Their second solution involves quantized training and simplifying the weights, which are typically 32 bits. An algorithm rounds the weights so they are only eight bits, through a process known as quantization, which cuts the amount of memory for both training and inference. Inference is the process of applying a model to a dataset and generating a prediction. Then the algorithm applies a technique called quantization-aware scaling (QAS), which acts like a multiplier to adjust the ratio between weight and gradient, to avoid any drop in accuracy that may come from quantized training.

    The researchers developed a system, called a tiny training engine, that can run these algorithmic innovations on a simple microcontroller that lacks an operating system. This system changes the order of steps in the training process so more work is completed in the compilation stage, before the model is deployed on the edge device.

    “We push a lot of the computation, such as auto-differentiation and graph optimization, to compile time. We also aggressively prune the redundant operators to support sparse updates. Once at runtime, we have much less workload to do on the device,” Han explains.

    A successful speedup

    Their optimization only required 157 kilobytes of memory to train a machine-learning model on a microcontroller, whereas other techniques designed for lightweight training would still need between 300 and 600 megabytes.

    They tested their framework by training a computer vision model to detect people in images. After only 10 minutes of training, it learned to complete the task successfully. Their method was able to train a model more than 20 times faster than other approaches.

    Now that they have demonstrated the success of these techniques for computer vision models, the researchers want to apply them to language models and different types of data, such as time-series data. At the same time, they want to use what they’ve learned to shrink the size of larger models without sacrificing accuracy, which could help reduce the carbon footprint of training large-scale machine-learning models.

    “AI model adaptation/training on a device, especially on embedded controllers, is an open challenge. This research from MIT has not only successfully demonstrated the capabilities, but also opened up new possibilities for privacy-preserving device personalization in real-time,” says Nilesh Jain, a principal engineer at Intel who was not involved with this work. “Innovations in the publication have broader applicability and will ignite new systems-algorithm co-design research.”

    “On-device learning is the next major advance we are working toward for the connected intelligent edge. Professor Song Han’s group has shown great progress in demonstrating the effectiveness of edge devices for training,” adds Jilei Hou, vice president and head of AI research at Qualcomm. “Qualcomm has awarded his team an Innovation Fellowship for further innovation and advancement in this area.”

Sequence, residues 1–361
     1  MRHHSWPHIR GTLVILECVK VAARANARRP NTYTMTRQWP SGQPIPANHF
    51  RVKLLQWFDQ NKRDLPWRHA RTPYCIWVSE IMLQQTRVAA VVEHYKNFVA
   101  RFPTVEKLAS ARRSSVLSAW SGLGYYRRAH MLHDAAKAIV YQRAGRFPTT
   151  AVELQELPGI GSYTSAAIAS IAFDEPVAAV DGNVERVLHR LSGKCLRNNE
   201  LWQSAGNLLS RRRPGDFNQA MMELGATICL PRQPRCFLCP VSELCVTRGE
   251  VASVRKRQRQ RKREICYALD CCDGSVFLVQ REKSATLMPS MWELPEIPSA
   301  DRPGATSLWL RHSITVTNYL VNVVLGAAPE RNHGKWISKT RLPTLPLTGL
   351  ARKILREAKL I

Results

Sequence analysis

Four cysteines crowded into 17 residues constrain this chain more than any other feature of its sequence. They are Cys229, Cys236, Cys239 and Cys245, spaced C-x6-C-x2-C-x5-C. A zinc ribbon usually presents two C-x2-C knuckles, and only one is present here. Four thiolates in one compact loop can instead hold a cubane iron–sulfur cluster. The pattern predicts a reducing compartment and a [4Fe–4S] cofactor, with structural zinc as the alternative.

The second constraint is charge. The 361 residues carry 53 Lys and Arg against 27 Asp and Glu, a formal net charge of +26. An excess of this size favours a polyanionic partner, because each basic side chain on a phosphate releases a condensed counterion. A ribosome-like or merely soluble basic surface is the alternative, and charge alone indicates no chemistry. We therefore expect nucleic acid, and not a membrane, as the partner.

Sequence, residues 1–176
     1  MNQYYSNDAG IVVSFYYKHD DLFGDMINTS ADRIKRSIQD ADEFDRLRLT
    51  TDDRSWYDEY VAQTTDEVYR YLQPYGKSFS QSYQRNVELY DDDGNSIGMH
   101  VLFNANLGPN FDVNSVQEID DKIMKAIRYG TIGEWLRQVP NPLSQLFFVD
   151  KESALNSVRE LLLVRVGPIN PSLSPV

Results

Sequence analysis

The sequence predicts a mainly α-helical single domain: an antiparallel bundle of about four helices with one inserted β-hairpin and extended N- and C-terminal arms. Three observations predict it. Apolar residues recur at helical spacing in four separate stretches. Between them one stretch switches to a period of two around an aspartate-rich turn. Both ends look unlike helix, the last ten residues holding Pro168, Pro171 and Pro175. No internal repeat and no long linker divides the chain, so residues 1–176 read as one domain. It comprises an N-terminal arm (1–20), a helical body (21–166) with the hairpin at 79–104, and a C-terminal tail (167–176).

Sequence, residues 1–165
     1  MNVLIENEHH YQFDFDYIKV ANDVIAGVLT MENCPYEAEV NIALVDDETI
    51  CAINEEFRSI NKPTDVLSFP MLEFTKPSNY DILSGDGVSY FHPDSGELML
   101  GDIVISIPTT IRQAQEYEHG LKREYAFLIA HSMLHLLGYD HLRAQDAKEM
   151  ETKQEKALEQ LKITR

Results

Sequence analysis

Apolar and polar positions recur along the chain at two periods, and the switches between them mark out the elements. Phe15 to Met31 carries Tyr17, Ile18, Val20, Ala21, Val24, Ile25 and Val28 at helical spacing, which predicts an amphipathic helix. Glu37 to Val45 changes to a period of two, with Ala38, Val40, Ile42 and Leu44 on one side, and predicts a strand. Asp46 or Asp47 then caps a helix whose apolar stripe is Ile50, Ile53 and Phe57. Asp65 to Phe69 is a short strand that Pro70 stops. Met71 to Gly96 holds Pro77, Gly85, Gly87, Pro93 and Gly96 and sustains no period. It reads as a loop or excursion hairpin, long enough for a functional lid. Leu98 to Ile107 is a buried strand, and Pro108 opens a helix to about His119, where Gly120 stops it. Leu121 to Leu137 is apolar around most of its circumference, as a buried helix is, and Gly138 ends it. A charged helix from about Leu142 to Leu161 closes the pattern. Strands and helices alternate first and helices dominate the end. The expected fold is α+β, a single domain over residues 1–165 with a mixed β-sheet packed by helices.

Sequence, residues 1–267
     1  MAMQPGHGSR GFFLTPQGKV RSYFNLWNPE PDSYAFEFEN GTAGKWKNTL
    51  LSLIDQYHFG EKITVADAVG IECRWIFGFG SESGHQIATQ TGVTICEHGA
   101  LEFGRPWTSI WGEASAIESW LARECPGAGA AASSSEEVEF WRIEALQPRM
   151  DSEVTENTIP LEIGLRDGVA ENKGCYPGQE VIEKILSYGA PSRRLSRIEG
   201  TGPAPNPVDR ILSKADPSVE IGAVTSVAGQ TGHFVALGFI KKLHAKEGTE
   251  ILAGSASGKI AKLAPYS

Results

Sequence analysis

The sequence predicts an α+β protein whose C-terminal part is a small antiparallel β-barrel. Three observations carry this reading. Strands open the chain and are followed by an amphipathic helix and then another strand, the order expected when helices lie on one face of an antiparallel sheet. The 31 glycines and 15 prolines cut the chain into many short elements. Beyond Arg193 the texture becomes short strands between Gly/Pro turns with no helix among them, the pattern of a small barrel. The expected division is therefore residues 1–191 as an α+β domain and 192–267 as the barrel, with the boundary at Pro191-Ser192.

This work is funded by the National Science Foundation, the MIT-IBM Watson AI Lab, the MIT AI Hardware Program, Amazon, Intel, Qualcomm, Ford Motor Company, and Google. More

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    Investigating at the interface of data science and computing

    A visual model of Guy Bresler’s research would probably look something like a Venn diagram. He works at the four-way intersection where theoretical computer science, statistics, probability, and information theory collide.

    “There are always new things to do be done at the interface. There are always opportunities for entirely new questions to ask,” says Bresler, an associate professor who recently earned tenure in MIT’s Department of Electrical Engineering and Computer Science (EECS).

    A theoretician, he aims to understand the delicate interplay between structure in data, the complexity of models, and the amount of computation needed to learn those models. Recently, his biggest focus has been trying to unveil fundamental phenomena that are broadly responsible for determining the computational complexity of statistics problems — and finding the “sweet spot” where available data and computation resources enable researchers to effectively solve a problem.

    When trying to solve a complex statistics problem, there is often a tug-of-war between data and computation. Without enough data, the computation needed to solve a statistical problem can be intractable, or at least consume a staggering amount of resources. But get just enough data and suddenly the intractable becomes solvable; the amount of computation needed to come up with a solution drops dramatically.

    The majority of modern statistical problems exhibits this sort of trade-off between computation and data, with applications ranging from drug development to weather prediction. Another well-studied and practically important example is cryo-electron microscopy, Bresler says. With this technique, researchers use an electron microscope to take images of molecules in different orientations. The central challenge is how to solve the inverse problem — determining the molecule’s structure given the noisy data. Many statistical problems can be formulated as inverse problems of this sort.